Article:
Jay Som-“Tenderness” (Anak Ko; Polyvinyl; August, 2019)

The first thing that caught my attention when listening to Melina Duterte’s third album (under the name Jay Som) was it’s warmth and it’s spacing: everything seems to have it’s place. “Tenderness” opens with Duterte’s voice accompanied only by a drum sample and electric guitar. And as her series of thoughts and questions leads into the song’s undeniable hook: “I’m feeling like we’ve just begun / Nothing’s ever good enough / Tenderness is all I’ve got,” the listener seems primed for a second verse. But Duterte is too savvy a songwriter to muddle the song’s perfect first two minutes–instead, she leads the recording into a thick instrumental stew of Fender Rhodes and punchy bass before returning to the chorus again and again. It’s a reminder that sometimes a song doesn’t need to be complicated to be effective, as it is, “Tenderness” is one of the best singles of 2019.

Angel Olsen-“Lark” (All Mirrors; Jagjaguwar; October, 2019)

None of us are the perfect listener. And as I approached the lead single to Angel Olsen’s All Mirrors, I admit that I expected I might hear something reminiscent of “Those Were the Days,” my favorite song from 2016’s  MY WOMAN, and indeed, one of my favorite songs of that year, period. How wrong I was. Instead, Angel leads the listener on a six minute trip that more resembles a cinematic epic than it does any sort of traditional pop song. All orchestra and percussion, she delivers perhaps the most powerful vocal of her career, nearly whispering: “Wishing we could only find one another / All we’ve done here is blind one another / Hate can’t live in this heart here forever / Have to learn how to make it together” before building up to the nearly deafening finale: “What about my dreams? / What about the heart? / Trouble from the start / Trouble with the heart.” This is not the same Angel Olsen, and I hope you’re here for it.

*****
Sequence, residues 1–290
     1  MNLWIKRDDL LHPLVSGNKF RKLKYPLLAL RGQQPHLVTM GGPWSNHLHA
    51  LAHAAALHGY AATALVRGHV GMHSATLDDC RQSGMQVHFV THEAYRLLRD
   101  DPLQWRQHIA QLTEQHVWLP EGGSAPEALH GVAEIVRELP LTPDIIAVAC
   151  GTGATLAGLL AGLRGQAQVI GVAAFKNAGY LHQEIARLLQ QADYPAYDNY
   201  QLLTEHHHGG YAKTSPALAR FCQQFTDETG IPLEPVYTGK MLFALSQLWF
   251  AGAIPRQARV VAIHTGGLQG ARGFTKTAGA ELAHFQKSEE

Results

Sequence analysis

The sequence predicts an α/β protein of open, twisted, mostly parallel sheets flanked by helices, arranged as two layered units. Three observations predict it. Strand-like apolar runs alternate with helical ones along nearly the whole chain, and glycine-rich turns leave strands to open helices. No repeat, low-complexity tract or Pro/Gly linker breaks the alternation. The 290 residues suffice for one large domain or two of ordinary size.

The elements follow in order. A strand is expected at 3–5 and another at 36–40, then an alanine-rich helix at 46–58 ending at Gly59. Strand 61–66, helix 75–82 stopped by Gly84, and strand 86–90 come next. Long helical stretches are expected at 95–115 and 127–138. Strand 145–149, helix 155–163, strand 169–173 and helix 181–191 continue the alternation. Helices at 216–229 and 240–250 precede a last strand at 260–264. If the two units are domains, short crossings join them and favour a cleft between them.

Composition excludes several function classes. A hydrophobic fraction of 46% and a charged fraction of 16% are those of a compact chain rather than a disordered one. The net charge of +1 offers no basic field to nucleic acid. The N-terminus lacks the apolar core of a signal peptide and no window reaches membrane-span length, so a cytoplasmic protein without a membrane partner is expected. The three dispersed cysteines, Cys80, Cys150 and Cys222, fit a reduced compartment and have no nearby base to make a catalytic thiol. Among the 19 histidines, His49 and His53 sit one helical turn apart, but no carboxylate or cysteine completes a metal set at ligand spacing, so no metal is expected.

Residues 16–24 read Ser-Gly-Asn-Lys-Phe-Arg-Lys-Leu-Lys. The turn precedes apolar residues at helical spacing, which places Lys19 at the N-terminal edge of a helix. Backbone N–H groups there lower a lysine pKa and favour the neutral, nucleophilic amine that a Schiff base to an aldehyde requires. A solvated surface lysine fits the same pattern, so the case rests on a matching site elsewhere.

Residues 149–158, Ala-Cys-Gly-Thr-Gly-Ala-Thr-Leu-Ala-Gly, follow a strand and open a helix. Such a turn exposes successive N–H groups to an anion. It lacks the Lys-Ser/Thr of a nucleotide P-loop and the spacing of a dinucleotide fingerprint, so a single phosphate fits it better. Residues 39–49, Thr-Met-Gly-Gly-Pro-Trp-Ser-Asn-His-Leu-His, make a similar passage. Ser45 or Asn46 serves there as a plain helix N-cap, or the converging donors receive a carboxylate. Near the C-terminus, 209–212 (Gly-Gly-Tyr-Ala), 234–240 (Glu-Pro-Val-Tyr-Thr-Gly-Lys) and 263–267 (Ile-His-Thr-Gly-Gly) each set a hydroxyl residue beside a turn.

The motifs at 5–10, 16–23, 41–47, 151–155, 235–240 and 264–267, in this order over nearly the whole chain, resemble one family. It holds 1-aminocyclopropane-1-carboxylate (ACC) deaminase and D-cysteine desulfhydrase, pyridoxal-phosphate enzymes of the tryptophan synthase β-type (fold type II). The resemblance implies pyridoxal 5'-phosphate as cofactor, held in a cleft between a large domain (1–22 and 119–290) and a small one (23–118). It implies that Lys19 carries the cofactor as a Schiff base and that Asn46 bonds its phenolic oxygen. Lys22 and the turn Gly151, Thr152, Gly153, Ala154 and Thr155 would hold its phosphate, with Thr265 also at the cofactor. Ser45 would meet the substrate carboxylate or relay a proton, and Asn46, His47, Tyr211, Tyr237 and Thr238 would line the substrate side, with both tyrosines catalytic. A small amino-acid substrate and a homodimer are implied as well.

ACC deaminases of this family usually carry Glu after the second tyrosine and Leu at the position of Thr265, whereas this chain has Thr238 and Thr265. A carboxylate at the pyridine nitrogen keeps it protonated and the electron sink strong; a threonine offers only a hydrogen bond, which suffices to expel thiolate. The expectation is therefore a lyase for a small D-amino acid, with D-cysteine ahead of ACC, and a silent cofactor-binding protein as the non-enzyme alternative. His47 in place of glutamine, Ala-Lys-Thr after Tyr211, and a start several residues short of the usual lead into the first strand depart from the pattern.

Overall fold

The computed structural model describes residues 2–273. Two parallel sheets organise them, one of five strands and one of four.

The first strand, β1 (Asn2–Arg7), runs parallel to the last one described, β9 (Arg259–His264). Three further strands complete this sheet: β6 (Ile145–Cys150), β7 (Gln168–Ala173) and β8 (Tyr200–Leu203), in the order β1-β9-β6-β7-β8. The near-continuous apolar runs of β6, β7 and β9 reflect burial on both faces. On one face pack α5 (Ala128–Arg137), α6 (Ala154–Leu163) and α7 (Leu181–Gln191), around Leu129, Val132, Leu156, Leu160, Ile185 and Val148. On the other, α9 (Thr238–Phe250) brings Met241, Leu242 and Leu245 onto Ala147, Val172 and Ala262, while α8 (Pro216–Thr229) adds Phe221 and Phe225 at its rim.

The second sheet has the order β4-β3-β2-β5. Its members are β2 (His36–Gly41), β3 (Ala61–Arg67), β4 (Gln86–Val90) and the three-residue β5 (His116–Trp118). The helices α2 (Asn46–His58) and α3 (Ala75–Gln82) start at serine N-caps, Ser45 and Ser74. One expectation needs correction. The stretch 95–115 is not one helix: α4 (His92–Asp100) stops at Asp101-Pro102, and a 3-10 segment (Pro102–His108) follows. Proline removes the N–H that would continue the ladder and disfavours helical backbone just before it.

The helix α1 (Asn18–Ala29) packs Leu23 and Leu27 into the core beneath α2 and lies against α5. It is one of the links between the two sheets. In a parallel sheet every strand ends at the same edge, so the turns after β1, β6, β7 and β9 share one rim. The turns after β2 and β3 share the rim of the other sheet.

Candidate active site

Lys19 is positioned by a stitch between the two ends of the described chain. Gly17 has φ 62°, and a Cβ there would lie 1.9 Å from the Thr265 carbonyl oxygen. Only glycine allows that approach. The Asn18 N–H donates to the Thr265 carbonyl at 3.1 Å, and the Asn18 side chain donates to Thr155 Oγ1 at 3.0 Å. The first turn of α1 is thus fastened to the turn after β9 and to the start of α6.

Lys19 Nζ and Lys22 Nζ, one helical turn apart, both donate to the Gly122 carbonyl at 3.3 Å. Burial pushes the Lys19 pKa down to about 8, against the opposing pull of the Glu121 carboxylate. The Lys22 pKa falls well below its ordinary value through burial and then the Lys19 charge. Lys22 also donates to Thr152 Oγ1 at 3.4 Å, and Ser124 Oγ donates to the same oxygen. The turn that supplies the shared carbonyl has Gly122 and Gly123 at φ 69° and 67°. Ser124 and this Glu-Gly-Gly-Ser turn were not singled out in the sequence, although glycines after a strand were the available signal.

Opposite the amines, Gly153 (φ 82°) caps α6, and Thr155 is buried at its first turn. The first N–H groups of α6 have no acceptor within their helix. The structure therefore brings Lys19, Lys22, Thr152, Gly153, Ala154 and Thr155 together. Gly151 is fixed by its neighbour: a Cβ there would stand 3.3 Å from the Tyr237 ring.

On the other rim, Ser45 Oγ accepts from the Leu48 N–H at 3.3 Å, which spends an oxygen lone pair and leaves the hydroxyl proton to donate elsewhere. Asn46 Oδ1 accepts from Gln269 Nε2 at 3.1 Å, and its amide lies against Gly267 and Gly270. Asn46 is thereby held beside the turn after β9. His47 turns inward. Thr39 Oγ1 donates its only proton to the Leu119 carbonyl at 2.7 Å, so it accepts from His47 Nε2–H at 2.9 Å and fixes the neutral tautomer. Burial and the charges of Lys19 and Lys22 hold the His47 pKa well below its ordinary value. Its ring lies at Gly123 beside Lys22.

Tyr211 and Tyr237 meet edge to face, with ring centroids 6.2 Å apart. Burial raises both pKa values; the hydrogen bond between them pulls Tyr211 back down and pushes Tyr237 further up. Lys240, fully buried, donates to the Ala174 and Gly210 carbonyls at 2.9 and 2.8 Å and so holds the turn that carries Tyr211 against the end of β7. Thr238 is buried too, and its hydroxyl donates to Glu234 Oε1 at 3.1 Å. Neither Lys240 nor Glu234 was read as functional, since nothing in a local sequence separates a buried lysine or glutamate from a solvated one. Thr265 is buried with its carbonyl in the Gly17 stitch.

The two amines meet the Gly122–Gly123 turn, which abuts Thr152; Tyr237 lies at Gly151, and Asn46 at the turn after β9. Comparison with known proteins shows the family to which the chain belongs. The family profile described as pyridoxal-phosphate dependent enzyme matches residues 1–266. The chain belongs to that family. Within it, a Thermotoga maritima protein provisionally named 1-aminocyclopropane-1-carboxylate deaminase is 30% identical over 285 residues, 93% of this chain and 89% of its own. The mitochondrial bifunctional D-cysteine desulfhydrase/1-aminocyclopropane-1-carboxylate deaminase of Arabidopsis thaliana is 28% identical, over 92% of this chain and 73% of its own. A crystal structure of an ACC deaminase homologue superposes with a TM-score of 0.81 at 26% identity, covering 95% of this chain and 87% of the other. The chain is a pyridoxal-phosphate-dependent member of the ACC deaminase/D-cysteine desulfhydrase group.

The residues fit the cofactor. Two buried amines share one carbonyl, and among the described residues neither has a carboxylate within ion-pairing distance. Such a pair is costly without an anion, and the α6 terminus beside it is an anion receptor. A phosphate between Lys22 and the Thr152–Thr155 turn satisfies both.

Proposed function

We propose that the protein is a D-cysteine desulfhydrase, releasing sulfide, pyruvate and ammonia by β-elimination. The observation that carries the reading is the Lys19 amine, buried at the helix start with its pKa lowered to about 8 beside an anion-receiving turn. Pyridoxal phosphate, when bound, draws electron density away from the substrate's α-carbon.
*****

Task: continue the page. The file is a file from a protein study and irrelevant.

Michael Kiwanuka-“You Ain’t the Problem” (KIWANUKA; Interscope; November, 2019)